• On a side note, my sister moved her wedding ceremony from April to October (they’re now doing the ceremony in October and a large reception next April, assuming things return to some form of normalcy by then), and has requested that all men wear black tie for the October gathering, so I finally get a chance to wear my tuxedo again. Instead of the scoop fronted vest and pleated shirt I wore to my wedding, I’m going to wear my T&A Casino Royale shirt, either with no waist covering or with a cummerbund.

      • Would recommend you ditch the cummerbund altogether. There are traditions to be preserved, but there are some that should be optional. The cummerbund leans toward optional to “just ditch it”.

    • Keep it simple and well balanced. The less amount of fuss and flashes, the better. Wear lighter colors, not brighter colors. Make sure the composition is taken in as a whole, and nothing stands out except for yourself.

    • Although it happens to be my favourite iteration of black-tie in the series, Brosnan’s dinner suit in Tomorrow Never Dies makes him come off as a bit pompous, I think.

      I don’t always agree with the notion that a flaw with Brosnan is that he was always the most obviously best-dressed man in the room, but it’s true there.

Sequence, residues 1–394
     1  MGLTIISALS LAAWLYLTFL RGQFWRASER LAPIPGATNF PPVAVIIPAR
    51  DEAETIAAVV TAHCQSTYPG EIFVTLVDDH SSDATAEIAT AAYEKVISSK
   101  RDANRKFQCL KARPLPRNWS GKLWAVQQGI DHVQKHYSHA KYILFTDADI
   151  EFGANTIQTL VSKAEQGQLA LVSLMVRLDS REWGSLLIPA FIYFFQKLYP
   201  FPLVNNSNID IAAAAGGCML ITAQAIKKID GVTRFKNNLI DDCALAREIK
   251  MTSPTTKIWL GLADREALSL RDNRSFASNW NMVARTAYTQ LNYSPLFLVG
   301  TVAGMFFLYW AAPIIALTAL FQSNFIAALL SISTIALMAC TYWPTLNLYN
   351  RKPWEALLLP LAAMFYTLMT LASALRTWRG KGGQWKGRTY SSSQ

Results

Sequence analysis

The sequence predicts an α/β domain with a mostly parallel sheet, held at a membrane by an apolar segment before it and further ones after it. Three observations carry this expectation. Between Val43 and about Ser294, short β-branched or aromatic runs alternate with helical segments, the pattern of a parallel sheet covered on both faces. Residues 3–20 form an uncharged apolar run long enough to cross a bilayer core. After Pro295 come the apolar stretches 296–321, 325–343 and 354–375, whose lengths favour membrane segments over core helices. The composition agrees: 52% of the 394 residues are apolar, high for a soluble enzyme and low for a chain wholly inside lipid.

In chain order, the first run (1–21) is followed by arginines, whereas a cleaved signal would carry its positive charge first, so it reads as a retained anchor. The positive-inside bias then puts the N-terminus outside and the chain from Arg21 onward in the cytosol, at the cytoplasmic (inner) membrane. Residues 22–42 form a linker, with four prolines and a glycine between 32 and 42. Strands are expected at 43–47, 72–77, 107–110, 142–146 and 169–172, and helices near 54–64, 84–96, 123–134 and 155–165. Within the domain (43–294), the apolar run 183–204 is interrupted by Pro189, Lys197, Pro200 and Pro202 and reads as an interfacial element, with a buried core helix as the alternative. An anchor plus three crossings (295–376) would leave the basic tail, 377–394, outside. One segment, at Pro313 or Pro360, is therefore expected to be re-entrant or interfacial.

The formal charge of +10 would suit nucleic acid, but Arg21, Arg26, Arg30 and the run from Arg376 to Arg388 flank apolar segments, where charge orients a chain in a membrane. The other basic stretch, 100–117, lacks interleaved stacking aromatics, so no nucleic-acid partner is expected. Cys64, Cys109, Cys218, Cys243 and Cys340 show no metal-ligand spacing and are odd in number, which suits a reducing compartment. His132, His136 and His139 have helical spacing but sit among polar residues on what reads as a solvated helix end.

In fairness, his cover character is probably meant to come off that way.

      • You’re kind of right, though, Tim. A good many parts of Brosnan’s Bond was characterized by the overuse of cliché gadgets and pompous, almost Playboy-like outfits. Then again, Brosnan was dressed by Brioni, and before Tom Ford was the prime of all dimes, Brioni was “it”.

      • I always saw Brosnan’s overdressing as a statement and also his cover. The 1990s were the first decade towards the casual world we live in now. By being so obviously the best-dressed in the room – or diving a BMW convertible into an oil field in Azerbaijan – he was signalling he was against the trend by going the other way. It made sense for his cover too: it is behavior that isn’t too unbelievable for an account man at Universal Exports.